The cheerleaders jumped and clapped. The dance team shook their pom-poms. The bass drum thumped and the trumpets blared. The band played the fight song.
And then came the chant:
Do your BEST!
Beat the TEST!
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The gymnasium at Irving Elementary sounded like a pregame pep rally Thursday morning, but the goal wasn't to win a state basketball championship: It was to ace the state assessment tests.
Elementary and middle schools across the district have begun holding pep assemblies to motivate students before the tests, which are used to determine whether schools meet requirements of the federal No Child Left Behind Act.
"Whether you like it or not, this is a high-stakes test. It's a big deal, and we want kids to take that seriously," said Larry Perlman, principal at Irving.
Third-, fourth- and fifth-graders at Irving will begin taking state reading assessments next week.
On Thursday morning, students and teachers filed into the gym, clapping and stomping as "We Will Rock You" blasted from the speakers. The North High School band, cheerleaders and pom squad performed several numbers.
Then Perlman, accompanied by flashing lights and the instrumental "Sirius" — a tune associated with athletic teams making dramatic entrances — read a list of Irving students who had scored "exemplary" or "exceeds expectations" on last year's tests. The children stood and smiled; their classmates clapped.
"I wasn't a big believer in this kind of thing" before he came to Irving six years ago, Perlman said of academic pep rallies. "I figured the kids didn't need any additional distractions.
"But after seeing what it does here, the reaction the kids have and the way it gets them jazzed up and focused, I'm a fan now," he said.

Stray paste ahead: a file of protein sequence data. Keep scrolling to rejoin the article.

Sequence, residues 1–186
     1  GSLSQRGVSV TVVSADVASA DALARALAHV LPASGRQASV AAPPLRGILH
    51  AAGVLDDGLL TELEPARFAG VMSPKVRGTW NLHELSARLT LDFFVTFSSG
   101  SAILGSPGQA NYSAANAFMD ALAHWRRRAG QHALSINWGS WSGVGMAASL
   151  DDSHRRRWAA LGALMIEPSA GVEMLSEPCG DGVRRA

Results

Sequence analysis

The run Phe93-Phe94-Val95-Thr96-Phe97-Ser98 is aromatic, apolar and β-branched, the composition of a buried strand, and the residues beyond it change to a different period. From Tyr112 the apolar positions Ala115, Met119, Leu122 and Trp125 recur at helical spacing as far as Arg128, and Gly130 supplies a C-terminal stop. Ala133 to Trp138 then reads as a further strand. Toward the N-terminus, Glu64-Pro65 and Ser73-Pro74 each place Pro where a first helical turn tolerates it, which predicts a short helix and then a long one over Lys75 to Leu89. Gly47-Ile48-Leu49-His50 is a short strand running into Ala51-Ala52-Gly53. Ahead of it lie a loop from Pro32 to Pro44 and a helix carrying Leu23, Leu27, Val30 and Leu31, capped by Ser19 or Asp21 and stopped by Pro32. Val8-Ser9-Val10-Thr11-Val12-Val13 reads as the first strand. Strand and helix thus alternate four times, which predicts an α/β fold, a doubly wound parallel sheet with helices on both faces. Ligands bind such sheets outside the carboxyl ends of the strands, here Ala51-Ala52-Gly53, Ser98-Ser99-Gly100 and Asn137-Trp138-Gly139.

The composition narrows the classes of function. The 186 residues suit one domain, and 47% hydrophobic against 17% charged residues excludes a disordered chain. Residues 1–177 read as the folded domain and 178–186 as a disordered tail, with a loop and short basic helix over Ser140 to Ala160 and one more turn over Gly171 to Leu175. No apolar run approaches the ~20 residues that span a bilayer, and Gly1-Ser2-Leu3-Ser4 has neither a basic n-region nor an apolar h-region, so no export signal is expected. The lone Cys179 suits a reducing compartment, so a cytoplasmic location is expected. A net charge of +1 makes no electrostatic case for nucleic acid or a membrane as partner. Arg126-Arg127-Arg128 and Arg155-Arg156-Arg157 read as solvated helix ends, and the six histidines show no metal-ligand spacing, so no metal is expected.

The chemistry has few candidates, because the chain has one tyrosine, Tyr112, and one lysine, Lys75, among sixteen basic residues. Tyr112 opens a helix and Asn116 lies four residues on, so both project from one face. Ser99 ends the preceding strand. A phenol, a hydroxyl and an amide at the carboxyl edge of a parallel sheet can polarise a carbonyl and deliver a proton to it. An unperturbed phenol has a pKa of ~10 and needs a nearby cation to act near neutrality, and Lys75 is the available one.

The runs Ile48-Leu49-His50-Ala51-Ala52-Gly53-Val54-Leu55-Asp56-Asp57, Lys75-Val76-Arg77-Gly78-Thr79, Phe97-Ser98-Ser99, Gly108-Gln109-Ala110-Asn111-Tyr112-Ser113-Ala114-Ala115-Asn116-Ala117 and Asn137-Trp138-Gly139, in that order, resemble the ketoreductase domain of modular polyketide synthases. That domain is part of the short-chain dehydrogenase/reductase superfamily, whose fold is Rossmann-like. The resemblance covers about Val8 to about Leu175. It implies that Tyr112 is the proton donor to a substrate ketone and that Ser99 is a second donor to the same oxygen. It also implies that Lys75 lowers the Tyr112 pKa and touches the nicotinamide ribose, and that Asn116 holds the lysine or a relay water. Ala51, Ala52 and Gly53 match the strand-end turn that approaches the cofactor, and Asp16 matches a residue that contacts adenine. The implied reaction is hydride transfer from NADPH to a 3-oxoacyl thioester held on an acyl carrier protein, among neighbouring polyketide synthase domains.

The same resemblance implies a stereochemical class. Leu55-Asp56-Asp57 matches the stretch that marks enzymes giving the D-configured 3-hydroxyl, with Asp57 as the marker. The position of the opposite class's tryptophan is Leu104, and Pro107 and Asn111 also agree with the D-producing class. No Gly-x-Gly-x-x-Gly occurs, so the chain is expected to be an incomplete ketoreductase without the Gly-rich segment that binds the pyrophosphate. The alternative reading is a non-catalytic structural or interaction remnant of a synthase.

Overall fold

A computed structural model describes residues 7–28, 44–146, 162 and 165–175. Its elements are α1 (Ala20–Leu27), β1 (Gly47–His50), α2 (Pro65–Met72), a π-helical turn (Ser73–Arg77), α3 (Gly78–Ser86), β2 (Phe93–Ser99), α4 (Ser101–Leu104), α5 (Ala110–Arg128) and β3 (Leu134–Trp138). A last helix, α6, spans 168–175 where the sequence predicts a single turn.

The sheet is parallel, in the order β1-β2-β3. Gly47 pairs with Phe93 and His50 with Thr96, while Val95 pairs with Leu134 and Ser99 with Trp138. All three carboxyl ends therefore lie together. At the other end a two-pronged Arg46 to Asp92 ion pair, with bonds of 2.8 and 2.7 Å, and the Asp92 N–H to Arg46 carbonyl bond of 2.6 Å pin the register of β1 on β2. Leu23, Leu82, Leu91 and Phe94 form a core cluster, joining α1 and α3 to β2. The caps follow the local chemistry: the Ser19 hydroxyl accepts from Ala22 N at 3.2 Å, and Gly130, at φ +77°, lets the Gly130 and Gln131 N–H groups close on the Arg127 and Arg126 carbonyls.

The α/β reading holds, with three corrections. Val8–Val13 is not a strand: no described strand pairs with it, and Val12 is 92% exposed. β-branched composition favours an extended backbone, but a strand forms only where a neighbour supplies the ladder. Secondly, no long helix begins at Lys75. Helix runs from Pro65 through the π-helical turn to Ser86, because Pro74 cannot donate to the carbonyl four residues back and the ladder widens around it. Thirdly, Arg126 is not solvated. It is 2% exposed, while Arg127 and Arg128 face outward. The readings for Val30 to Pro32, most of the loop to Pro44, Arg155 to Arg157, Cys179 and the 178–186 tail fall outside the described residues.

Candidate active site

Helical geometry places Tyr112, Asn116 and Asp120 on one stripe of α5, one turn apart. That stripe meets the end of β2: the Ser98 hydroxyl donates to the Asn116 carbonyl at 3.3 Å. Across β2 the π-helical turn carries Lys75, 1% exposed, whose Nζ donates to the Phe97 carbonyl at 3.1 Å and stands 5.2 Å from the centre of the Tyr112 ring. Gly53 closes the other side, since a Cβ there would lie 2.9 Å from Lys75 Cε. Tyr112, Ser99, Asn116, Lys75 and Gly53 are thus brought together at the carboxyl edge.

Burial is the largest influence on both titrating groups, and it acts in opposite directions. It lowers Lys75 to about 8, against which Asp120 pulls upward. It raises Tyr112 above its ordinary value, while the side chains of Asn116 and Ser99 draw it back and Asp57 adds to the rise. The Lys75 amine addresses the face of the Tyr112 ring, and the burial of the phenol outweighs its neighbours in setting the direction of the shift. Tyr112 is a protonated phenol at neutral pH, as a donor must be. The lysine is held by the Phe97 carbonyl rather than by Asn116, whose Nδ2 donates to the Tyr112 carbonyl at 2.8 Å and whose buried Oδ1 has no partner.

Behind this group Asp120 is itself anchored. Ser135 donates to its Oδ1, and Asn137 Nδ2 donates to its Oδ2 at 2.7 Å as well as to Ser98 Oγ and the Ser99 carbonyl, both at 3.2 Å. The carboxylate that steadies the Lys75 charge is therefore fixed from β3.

Alicia Thompson, Wichita's assistant superintendent for elementary schools, attended Irving's half-hour assembly Thursday and smiled from the sidelines. She said the rallies are becoming more popular.
"It's fun," she said. "I love how it gets the kids hyped."
Schools plan their own rallies, usually the day or week before testing begins. Some examples:
* Lawrence Elementary students wore tie-dyed T-shirts and filed into the gym to the cheers of teachers and fellow students, along with laser lights and a fog machine. Students also watched a PowerPoint presentation on test-taking strategies.
* At Cleaveland Traditional Magnet, students got a visit from KC Wolf, the Kansas City Chiefs' mascot, who encouraged them to do their best on the tests.
* Allen Elementary students watched teachers compete in test-themed games and skits, including one that featured "Super Tester vs. State Assessments" in a boxing ring. Super Tester, played by third-grade teacher Andy Gonzalez, won the match by using such skills as showing his work, reading carefully, highlighting key words and staying positive.
Many schools host exam-day breakfasts to ensure that students eat well before the tests. Special snacks, posters and encouraging notes from parents and underclassmen "buddies" also are popular.
"It's a fun way to get focused and remind them that if you work hard, you can accomplish great things," Perlman said.
"It's a way to say, 'Hey, tests are a big deal here.' It's just a real positive, uplifting thing."
Irving fifth-grader Alma Santibanez said Thursday's pep rally was a fun way to usher in assessment time. "I liked when the cheerleaders went up," she said.
"I liked the drums," added 10-year-old Israel Ramirez.
Neither said the assembly or the increased focus on state tests made them anxious or nervous.
"They really want us to do our best," Alma said. "I feel prepared."